Comfort For Mom: Treating Engorged Breasts
Engorgement is common among breastfeeding mothers and can be very uncomfortable, but there are simple solutions that can help relieve the soreness. Learn what causes engorgement, symptoms, treatment, and how to prevent it from happening again.
Engorged Breasts - Causes, Symptoms, Treatment, and Prevention
Engorgement is common among breastfeeding mothers, but there are simple solutions that can help relieve the soreness. If you recognize engorgement early and follow these steps for treating engorged breasts, your discomfort could subside in as little as 24 – 48 hours.
What Causes Engorged Breasts?
If you haven't experienced engorgement, it's a good idea to be prepared in case you eventually encounter this common breastfeeding challenge. Engorged breasts are the result of increased milk production, blood flow, and lymph fluids to the breasts after childbirth, all of which makes them feel full, hard, and even uncomfortable.
It's not uncommon to experience engorgement within the first week after giving birth. You might also experience it when your baby's feeding pattern changes, such as when starting solid foods and demanding fewer feedings.
Breast engorgement can also be caused by any of the following situations:
- Skipping a breastfeeding session and not pumping
- Breast milk oversupply
- Waiting too long between nursing and/or pumping sessions
- Baby struggling to latch properly and not fully draining your breasts when feeding
- Baby not feeding well due to illness
Symptoms of Breast Engorgement
Breast engorgement is usually temporary and will go away when your body adjusts your breast milk production to suit your baby's needs.
Symptoms of breast engorgement include:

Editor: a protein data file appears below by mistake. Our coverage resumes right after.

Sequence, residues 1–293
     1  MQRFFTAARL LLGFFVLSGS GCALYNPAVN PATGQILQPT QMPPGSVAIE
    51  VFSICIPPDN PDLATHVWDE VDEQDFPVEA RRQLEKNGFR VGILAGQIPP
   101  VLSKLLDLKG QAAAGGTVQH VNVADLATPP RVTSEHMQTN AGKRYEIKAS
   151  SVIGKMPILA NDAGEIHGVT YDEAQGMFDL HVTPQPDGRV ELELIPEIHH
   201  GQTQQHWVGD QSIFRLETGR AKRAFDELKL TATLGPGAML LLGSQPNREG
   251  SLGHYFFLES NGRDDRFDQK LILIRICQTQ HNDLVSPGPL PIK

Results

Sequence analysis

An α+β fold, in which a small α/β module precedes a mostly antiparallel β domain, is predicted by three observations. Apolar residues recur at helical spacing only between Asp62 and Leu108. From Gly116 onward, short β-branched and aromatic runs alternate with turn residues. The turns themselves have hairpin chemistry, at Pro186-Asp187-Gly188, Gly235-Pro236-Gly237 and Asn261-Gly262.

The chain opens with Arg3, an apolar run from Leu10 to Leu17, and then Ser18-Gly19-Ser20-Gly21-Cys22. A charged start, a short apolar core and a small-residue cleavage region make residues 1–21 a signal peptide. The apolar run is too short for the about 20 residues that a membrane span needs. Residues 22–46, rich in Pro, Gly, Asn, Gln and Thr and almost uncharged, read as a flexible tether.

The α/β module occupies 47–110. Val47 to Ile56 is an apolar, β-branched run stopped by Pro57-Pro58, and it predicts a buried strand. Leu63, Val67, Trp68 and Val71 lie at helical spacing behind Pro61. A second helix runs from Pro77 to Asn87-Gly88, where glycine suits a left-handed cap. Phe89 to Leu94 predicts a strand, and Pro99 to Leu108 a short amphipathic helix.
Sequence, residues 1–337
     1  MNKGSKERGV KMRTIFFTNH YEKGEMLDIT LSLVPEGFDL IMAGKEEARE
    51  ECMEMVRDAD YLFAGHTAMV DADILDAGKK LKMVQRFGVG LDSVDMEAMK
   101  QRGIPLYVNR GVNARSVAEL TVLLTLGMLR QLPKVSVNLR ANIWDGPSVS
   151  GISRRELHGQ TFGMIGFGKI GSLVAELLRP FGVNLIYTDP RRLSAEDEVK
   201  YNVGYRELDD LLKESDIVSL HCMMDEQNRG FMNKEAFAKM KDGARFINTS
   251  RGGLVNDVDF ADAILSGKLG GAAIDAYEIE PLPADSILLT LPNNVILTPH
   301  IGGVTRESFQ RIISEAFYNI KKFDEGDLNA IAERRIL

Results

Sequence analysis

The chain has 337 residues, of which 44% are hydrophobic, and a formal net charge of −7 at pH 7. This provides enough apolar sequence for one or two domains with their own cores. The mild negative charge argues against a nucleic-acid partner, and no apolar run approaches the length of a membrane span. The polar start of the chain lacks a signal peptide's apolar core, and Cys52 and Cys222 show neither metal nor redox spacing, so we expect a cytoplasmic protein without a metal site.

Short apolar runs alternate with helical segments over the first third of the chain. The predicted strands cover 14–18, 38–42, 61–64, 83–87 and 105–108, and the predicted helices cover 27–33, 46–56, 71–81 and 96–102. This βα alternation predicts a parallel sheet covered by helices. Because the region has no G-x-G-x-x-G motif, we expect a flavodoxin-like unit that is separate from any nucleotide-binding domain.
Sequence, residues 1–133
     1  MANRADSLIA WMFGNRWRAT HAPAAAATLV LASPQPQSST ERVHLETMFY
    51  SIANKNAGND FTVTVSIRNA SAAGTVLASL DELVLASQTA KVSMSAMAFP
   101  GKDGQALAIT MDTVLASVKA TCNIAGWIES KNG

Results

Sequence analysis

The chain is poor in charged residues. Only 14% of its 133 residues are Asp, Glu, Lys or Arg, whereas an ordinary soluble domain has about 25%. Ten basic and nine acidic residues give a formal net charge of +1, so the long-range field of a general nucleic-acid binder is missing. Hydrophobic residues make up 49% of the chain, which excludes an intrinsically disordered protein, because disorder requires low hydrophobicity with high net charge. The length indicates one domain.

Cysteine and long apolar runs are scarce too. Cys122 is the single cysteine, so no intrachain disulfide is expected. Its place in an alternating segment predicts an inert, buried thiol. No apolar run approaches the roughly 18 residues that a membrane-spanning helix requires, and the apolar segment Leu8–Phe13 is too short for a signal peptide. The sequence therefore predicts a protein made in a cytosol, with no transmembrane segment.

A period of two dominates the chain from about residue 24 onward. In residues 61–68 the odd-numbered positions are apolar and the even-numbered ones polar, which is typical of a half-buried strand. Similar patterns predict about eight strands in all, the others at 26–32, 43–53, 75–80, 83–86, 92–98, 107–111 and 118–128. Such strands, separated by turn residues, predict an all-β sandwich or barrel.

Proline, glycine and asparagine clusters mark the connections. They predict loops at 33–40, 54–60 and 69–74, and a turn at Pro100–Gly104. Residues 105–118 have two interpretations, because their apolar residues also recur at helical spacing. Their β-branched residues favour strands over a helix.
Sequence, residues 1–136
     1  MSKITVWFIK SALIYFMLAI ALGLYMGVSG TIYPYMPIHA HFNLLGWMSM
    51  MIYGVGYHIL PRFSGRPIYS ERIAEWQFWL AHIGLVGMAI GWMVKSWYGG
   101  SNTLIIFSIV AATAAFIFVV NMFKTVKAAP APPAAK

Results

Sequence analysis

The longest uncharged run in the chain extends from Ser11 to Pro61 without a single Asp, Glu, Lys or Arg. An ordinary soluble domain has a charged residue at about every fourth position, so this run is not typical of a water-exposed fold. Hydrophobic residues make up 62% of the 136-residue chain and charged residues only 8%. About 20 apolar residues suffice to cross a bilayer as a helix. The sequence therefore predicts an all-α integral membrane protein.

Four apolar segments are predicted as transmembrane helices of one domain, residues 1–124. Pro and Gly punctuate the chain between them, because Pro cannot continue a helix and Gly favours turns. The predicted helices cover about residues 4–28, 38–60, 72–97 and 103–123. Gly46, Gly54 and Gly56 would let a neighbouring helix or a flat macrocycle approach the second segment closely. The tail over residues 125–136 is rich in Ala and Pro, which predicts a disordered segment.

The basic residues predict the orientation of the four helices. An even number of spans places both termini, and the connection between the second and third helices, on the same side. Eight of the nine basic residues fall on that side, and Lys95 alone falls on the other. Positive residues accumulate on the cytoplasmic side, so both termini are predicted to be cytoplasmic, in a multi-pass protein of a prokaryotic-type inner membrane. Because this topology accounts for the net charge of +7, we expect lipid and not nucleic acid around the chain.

- Tender breasts
- Swelling and hardness
- Reddened areas
- Larger, flattened nipples (baby may struggle to latch)
- Sore nipples
Treatment for Engorgement Relief
If you're exhibiting symptoms of breast engorgement, there are several ways to find relief, including:
- Continue to breastfeed or pump frequently to relieve “fullness.”
- Apply warm, wet compresses and gently massage breasts 10 minutes before feeding to help with milk flow.
- If baby is having trouble latching, express a little milk by hand or by pumping on a low setting, until the areola has softened enough for him or her to latch easier.
- Cold compresses applied for 15 minutes every hour between feedings can help relieve pain and reduce swelling. Small bags of crushed ice or frozen vegetables wrapped in a thin dish towel work well for this. Some moms use cool cabbage leaf compresses 3-4 times per day for relief as well, but - while effective for treating engorgement - it's important to know that cabbage leaf compresses can also lower your milk supply.
- Rest, rest, rest!
- Call your medical provider if you have a fever higher than 101° F or severe pain. That may be a sign of a breast infection called mastitis.
Preventing Breast Engorgement
Of course, preventing breast engorgement is always preferable to treating it after it's already occurred. The best ways to avoid breast engorgement include:
- Nurse or pump often. Lactation consultants recommend breastfeeding at least 8-10 times in a 24-hour period.
- Keep a compact, easily portable breast pump on hand - in your car, at your workplace, or at home - as a back-up, so you can pump if and when needed to prevent engorgement during times away from your baby. A single, manual breast pump like the Harmony® is designed for occasional use and short periods away from your little one. Best of all, it comes with our PersonalFit Flex™ breast shield, which is designed to optimize pumping comfort and milk flow, which gives you more milk faster. Just be sure to do your research and find the best back-up breast pump option for you and your unique needs!
- Establish a proper latch. If a baby latches deeply to the breast, that helps ensure your breasts are releasing milk efficiently.
- Nurse on or pump each breast until it is “empty” before switching.
- Express milk from breasts after each feeding if your baby has not completely relieved fullness.
As a breastfeeding mama, it's important that you practice meaningful self-care and always, always ask for help when you need it.